© Myesha Evon Gardner
Now more comfortable with the balance between the voice and technology and how they can interact, Jain places more emphasis on vocals in her debut album, Under the Lilac Sky. To mark this profound shift, Jain made the decision to set aside her former alias OSE and her online username Modular Princess, instead returning to her birth name – a subtle homecoming ceremony. “I think singing makes [my music] feel more like past me, so I’m trying to embrace that,” she muses. “I just want to own my identity because this record feels more like me.”
As the title suggests, the album is intended to be heard as the day breaks into evening; specifically, during the soft, purple glow of a setting sun. Inspired by several different evening raags, this temporal aspect is important to Jain. “I wanted to write an album that was a little bit more whimsical, a bit more open-ended. I thought, ‘Why don’t I write an album that makes me feel like I am in that moment, where I am able to relive that time of day through music – can I put together something that has such a strong mood?’” Recognising the impact of the sunset and her dusk wanderings on the writing process, Jain encourages listeners to engage with the record in a similar way: alone, either walking or performing some other early evening ritual. This attention to context is also an extension of Jain’s project GHUNGHRU – a label and accompanying NTS show which thoughtfully pairs music with poetry, literature and imagery in order to enrich the listening experience.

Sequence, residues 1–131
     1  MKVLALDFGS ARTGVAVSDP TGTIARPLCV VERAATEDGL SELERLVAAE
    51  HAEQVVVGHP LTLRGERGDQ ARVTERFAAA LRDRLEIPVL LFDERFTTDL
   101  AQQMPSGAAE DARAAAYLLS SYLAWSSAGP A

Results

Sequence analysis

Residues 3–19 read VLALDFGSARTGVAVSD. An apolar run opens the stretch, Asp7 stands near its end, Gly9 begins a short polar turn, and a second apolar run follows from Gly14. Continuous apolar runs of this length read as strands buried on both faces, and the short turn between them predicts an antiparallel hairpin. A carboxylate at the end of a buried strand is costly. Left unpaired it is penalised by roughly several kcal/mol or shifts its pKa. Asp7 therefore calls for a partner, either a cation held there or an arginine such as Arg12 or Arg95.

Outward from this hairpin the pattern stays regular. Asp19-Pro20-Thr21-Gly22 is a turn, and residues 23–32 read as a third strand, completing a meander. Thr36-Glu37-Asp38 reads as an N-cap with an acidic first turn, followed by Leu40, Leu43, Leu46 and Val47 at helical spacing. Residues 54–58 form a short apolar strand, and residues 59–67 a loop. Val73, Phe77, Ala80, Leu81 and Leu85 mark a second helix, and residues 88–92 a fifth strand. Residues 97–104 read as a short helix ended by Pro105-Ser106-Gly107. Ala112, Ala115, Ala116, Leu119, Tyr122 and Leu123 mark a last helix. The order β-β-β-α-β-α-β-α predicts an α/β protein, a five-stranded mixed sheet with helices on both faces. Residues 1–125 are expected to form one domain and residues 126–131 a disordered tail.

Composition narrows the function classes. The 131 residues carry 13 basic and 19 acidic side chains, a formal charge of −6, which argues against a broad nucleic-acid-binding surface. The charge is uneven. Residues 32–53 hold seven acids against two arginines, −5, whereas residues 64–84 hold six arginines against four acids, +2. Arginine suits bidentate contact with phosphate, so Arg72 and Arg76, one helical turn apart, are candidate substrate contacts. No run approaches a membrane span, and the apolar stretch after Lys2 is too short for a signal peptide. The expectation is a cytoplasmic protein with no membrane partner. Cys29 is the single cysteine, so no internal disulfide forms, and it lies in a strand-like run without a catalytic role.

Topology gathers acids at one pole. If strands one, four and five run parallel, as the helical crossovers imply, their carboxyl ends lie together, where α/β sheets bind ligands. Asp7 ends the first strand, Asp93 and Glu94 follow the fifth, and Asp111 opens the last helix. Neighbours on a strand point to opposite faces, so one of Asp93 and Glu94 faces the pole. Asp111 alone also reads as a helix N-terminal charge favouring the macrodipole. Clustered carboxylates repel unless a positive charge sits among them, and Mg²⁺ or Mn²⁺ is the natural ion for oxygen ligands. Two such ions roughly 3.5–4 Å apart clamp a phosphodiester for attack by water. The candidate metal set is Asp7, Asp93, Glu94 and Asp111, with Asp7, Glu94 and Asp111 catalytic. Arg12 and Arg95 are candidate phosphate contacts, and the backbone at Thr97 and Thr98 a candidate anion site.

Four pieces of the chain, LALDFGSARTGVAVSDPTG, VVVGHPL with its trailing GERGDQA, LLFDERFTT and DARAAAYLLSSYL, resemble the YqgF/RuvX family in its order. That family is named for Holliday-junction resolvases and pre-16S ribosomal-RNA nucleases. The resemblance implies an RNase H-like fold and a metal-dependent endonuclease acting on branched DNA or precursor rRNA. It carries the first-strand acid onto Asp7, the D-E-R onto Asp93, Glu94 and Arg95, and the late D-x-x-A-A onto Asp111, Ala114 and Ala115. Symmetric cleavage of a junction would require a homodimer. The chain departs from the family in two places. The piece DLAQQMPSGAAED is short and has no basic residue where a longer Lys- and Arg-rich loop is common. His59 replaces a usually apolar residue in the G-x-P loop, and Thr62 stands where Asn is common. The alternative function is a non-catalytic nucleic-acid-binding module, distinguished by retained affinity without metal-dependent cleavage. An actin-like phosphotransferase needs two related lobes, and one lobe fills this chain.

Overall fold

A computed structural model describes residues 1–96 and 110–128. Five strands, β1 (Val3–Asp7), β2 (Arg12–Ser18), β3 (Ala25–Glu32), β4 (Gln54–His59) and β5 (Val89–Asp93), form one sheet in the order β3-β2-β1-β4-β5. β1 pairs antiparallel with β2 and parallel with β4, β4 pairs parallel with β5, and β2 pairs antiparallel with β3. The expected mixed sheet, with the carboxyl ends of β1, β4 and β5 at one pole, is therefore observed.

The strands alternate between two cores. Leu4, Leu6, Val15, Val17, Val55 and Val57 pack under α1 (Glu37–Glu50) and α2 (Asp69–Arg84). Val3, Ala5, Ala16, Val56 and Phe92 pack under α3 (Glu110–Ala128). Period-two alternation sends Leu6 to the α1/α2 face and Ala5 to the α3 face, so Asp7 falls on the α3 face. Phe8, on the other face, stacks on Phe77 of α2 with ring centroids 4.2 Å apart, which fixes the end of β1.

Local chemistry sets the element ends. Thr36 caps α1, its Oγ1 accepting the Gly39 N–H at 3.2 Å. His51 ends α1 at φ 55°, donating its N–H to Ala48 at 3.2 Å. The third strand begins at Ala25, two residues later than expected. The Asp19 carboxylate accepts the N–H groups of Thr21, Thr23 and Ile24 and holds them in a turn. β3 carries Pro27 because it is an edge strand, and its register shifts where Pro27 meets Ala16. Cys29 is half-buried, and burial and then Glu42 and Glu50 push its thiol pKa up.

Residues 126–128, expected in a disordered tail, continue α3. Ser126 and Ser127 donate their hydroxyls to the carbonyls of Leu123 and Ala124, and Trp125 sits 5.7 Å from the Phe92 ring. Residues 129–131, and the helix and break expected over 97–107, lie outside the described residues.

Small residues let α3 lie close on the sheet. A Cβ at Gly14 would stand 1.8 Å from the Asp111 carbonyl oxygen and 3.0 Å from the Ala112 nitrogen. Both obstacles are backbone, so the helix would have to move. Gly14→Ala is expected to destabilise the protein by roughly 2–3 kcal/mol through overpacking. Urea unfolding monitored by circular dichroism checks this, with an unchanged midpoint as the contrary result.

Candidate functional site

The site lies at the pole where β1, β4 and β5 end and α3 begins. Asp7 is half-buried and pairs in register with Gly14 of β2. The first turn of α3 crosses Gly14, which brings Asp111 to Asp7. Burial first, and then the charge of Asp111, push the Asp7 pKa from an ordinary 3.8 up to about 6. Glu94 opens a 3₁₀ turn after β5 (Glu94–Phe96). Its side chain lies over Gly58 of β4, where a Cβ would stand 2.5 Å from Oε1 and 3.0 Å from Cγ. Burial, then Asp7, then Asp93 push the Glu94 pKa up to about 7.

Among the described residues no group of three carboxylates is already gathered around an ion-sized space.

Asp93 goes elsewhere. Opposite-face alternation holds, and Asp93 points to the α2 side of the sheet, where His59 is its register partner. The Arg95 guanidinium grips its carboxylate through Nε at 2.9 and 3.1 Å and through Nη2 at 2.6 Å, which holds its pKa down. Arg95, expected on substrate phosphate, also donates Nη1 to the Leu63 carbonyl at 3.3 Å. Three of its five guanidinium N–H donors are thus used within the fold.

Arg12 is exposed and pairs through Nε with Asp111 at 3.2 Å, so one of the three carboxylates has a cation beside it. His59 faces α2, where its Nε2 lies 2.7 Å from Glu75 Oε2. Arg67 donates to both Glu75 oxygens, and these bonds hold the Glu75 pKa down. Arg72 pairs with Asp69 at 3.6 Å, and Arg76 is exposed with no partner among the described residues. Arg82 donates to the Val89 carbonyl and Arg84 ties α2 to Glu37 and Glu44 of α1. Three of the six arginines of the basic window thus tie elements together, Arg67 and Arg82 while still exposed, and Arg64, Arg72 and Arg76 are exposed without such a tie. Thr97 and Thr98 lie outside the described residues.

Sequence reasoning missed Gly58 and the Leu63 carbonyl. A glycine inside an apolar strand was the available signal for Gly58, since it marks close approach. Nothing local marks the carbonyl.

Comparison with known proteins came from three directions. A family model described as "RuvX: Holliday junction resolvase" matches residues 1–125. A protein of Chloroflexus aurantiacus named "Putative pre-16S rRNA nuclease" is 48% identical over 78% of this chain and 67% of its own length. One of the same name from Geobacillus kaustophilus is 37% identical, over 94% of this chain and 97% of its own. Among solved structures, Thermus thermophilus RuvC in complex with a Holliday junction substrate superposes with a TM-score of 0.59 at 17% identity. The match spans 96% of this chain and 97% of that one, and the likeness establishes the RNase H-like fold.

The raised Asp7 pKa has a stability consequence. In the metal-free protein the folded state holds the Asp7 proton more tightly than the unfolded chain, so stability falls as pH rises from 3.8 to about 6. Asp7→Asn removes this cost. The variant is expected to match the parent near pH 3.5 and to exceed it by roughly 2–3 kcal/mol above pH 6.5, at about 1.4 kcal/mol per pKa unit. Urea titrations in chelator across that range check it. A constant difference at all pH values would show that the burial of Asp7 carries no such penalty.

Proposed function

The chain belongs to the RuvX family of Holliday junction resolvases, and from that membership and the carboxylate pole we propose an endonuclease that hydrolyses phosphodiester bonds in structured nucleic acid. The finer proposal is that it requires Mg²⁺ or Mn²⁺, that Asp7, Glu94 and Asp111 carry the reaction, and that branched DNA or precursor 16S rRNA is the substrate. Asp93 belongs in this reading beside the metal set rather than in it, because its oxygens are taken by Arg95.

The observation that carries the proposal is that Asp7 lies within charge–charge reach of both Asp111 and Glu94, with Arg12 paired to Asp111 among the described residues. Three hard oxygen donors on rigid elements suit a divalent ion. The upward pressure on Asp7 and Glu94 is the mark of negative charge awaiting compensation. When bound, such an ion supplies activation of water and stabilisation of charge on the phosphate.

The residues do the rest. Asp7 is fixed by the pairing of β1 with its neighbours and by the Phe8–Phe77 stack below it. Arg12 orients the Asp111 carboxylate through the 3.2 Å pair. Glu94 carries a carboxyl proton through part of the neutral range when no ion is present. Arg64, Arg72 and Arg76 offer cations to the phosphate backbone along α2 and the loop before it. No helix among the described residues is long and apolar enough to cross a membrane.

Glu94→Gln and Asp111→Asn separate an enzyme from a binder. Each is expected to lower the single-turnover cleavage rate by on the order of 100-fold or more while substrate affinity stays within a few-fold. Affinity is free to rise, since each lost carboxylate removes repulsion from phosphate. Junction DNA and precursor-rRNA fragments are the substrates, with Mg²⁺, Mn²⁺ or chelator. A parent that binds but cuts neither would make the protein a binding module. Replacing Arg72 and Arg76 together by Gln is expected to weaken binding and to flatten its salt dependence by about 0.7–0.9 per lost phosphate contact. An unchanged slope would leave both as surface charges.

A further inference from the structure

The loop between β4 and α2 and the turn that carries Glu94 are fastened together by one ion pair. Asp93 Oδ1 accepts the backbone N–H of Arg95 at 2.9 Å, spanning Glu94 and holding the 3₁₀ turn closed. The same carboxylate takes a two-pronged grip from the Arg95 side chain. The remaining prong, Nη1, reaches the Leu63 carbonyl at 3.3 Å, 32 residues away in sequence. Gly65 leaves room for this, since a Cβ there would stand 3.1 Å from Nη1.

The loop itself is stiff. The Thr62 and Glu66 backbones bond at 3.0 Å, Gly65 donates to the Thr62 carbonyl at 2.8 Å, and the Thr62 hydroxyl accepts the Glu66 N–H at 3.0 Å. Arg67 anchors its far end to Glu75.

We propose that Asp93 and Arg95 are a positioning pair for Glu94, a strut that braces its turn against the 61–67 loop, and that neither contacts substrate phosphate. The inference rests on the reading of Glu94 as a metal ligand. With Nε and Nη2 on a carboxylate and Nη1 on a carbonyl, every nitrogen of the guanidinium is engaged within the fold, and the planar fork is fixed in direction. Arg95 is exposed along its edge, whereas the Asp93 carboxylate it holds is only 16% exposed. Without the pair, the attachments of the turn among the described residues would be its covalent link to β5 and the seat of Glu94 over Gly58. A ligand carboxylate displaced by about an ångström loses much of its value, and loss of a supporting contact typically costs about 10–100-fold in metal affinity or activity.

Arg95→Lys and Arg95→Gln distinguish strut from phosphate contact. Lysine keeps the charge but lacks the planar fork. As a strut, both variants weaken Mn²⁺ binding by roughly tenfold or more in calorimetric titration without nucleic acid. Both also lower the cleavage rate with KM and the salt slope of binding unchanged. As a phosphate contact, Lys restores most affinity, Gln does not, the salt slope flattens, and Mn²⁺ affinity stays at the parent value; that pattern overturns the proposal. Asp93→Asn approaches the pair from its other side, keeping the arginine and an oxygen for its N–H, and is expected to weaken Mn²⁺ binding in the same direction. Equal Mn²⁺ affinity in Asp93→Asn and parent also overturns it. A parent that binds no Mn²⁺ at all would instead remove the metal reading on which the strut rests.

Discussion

Jain is familiar with those moments of contemplation before the next stage. Though she’s already accomplished more than many, from developing her technical abilities as an artist to finding a means to explore her diasporic identity, her journey is far from over. She’s still learning, she insists, and always will be. “From a very young age I’ve always known that I’m never going to know it all,” she says, acknowledging the endless scope of Indian classical music. “Which is cool, right? Because then I’m always going to have something to learn.”